5. The results of the petitioner were subsequently declared on 23rd May, 2003 by the Central Board of Secondary Education and the petitioner secured 98% marks both in science and maths with an aggregate of 85% marks. The grievance of the petitioner is that the petitioner should have been given the option to change her subject at the initial stage itself since the marks were not in doubt but in any case at least after her performance in the Board examination for the 10th class.

6. Learned counsel for the respondent No.1/School states that the problem arose on account of the fact that there were already a large number of students who had applied for the medical stream and had been so assigned the stream. There is only one section of the medical stream in the respondent No.1/School and the number of students already exceeded what would be the ideal ratio in the class. In this behalf, learned counsel for the respondent No.1/School has referred to the letter of the Central Board of Secondary Education dated 29.5.2002 stating that on inspection it was found that most of the classes were of batches between 50 to 57 students while respondent No.1/School should have up to 40 candidates. It is however, not seriously disputed that this limit of 40 had been repeatedly exceeded.

7. It was also considered appropriate to have the assistance of the Standing Counsel for the Central Board of Secondary Education in this behalf and learned counsel for the CBSE stated that in terms of the examination bye-laws of Central Board of Secondary Education, Rule 26(i) permits change of subject in class XI up to 31st October of the academic session. Thus, there is no impediment insofar as the CBSE is concerned for change of the subject which in fact facilitates this change by keeping the option open till 31st October.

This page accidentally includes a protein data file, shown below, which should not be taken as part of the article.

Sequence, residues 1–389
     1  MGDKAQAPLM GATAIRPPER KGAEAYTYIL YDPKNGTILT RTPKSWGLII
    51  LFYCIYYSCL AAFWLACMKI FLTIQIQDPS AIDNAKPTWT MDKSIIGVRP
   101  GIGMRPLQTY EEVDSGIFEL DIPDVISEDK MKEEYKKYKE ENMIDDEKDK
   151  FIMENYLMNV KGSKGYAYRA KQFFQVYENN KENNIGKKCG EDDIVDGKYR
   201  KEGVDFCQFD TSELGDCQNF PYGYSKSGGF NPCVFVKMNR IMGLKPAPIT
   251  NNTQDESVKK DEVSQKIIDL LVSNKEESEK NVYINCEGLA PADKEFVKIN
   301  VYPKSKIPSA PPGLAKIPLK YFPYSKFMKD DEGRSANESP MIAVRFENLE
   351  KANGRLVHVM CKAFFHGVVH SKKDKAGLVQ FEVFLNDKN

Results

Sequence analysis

8. In my considered view, the issue raised in the petition is relevant not only for the petitioner but for other students studying in various schools in Delhi since it is stated that this practice is followed by a number of schools and respondent No.1 has even filed documents to show such practice of different schools. On the other hand, it is also not disputed that there is a practice in some other schools which permits such change after the Board exams. If the contentions of the learned counsel for respondent No.1 are taken in true spirit, really speaking the counsel has not disputed that change of subject is possible but the only difficulty expressed is about the vacancy position.

9. It has to be appreciated that there may be students who may have given a preference for science stream but later on find it difficult to cope with the same and prefer to switch over to other subjects/streams. In such a case the students cannot really be compelled to continue the course of study in a stream where they find it difficult to cope with the curriculum.